The near side horse, arching his head and breaking into a short canter, tugged at his traces.
One of her riders urged his horse into a canter and approached, while she halted her horse, disguised among the men.
Canter as well as Lipsius, and, in the 17th, G.
He hesitated a moment longer before urging his horse forward at a quick canter.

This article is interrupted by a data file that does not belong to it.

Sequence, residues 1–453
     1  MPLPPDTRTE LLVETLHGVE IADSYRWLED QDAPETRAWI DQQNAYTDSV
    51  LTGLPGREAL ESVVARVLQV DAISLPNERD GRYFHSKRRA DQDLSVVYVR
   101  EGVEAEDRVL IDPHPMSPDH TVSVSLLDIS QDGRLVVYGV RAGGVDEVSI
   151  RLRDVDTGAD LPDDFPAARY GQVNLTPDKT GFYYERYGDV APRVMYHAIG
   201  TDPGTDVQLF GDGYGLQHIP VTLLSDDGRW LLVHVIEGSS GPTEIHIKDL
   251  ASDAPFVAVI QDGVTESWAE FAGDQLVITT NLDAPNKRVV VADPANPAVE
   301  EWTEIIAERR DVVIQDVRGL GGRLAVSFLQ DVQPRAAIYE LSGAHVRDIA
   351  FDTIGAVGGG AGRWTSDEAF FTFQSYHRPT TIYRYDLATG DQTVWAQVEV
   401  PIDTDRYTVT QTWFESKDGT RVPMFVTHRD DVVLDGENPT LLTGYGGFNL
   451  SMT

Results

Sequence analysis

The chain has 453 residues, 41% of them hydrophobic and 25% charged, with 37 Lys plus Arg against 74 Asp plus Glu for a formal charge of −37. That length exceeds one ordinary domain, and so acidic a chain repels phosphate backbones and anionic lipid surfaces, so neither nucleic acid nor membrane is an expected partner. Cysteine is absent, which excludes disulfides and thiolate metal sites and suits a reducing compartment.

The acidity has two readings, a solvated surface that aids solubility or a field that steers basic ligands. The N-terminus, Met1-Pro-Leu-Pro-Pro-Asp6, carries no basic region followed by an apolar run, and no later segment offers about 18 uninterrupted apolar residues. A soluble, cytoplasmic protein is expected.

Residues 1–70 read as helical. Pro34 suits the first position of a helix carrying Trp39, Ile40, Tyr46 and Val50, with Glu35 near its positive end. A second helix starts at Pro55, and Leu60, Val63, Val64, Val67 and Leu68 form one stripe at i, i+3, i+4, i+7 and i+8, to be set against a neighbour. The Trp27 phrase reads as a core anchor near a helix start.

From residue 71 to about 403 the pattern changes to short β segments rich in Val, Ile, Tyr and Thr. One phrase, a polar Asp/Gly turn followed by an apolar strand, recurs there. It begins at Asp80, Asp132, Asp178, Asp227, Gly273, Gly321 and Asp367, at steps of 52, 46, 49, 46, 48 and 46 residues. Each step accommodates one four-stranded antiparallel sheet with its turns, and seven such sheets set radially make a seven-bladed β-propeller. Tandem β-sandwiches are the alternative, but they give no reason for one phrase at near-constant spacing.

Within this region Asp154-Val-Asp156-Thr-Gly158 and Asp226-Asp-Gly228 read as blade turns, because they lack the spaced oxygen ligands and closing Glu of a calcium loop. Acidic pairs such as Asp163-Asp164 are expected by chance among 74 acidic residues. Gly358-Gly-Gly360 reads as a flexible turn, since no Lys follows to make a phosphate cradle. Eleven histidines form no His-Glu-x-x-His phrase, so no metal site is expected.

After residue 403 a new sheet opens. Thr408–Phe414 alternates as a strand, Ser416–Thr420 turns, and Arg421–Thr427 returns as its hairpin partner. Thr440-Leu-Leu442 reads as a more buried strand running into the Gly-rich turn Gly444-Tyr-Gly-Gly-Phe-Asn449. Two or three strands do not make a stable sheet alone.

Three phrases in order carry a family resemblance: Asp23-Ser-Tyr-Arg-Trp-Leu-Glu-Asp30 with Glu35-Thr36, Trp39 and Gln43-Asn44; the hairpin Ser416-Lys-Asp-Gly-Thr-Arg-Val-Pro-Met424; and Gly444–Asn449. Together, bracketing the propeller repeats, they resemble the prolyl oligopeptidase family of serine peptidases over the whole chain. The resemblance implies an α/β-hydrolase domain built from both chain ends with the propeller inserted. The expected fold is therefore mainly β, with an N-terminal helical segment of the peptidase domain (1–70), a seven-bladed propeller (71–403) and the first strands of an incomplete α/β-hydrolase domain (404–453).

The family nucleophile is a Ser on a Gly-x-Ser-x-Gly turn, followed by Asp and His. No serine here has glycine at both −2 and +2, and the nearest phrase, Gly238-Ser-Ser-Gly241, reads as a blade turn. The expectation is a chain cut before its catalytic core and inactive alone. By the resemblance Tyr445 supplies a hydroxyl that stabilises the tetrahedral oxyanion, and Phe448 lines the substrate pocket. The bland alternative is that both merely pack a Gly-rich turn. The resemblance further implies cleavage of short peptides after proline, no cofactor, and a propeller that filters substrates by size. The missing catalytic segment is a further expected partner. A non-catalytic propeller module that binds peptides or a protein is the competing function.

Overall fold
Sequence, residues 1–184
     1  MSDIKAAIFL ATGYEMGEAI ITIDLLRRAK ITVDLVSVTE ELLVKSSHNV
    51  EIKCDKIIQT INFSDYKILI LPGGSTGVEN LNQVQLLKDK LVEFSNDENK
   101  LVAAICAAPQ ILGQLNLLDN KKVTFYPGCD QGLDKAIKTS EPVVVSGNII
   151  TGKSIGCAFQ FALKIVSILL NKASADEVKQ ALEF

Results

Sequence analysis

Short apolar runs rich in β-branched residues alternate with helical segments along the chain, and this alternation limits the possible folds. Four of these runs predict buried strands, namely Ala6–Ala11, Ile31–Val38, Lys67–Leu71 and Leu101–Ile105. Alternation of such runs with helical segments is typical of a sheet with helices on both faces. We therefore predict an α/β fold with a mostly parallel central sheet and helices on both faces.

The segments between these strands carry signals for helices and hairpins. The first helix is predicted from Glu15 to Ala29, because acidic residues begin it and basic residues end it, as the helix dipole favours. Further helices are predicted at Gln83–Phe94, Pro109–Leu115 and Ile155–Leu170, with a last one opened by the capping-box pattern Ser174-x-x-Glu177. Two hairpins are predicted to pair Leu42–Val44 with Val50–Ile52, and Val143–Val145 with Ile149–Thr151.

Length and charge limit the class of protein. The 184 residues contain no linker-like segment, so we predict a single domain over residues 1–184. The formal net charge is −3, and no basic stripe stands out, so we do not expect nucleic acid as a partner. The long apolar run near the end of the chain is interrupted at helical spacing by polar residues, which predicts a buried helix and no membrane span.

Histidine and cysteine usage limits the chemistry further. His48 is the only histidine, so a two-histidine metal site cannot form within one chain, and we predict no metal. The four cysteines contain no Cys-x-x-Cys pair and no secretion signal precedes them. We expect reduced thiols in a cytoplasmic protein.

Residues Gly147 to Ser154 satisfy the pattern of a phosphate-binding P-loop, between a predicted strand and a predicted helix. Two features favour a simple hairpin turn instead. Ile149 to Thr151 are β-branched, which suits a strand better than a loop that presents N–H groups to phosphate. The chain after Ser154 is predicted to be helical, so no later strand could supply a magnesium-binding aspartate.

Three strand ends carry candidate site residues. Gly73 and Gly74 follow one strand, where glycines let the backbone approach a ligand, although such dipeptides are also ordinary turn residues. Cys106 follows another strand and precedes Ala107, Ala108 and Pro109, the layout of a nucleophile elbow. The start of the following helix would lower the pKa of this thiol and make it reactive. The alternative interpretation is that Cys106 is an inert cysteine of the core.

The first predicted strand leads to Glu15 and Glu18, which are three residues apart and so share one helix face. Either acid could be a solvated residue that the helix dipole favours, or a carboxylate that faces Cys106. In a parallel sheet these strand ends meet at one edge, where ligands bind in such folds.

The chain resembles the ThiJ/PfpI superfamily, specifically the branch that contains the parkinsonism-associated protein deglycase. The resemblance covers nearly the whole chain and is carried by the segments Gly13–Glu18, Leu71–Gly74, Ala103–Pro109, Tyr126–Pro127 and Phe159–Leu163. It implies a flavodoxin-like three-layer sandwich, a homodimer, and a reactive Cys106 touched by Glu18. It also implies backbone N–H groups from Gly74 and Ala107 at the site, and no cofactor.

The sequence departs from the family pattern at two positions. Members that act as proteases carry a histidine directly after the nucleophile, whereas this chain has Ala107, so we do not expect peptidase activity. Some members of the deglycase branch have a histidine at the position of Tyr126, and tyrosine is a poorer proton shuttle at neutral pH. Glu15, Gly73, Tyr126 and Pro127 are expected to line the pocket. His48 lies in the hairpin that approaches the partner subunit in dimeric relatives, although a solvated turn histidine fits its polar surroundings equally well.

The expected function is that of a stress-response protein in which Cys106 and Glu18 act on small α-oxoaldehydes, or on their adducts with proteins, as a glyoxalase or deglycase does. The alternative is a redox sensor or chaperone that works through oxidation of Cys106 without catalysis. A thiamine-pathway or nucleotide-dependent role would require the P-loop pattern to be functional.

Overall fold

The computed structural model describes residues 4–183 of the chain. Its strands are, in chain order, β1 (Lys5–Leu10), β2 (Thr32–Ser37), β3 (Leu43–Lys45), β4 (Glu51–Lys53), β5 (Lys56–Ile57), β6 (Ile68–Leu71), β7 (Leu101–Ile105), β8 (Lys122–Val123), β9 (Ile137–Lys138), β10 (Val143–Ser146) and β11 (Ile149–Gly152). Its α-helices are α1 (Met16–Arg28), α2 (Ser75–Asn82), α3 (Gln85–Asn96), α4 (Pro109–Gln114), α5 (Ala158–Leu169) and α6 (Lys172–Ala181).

To start the canter, which should always be done from the walk and not the trot, take up the curb rein a little and turn the horse's head slightly to the right, at the same time pressing the left leg behind the girth; the horse will then lead with the off (right) fore leg, which is generally preferred; but a well-broken hack should lead with either leg at command, and if he be cantered in a circle to the left he must lead with the near leg, as otherwise an ugly fall is likely to result from the leg being crossed.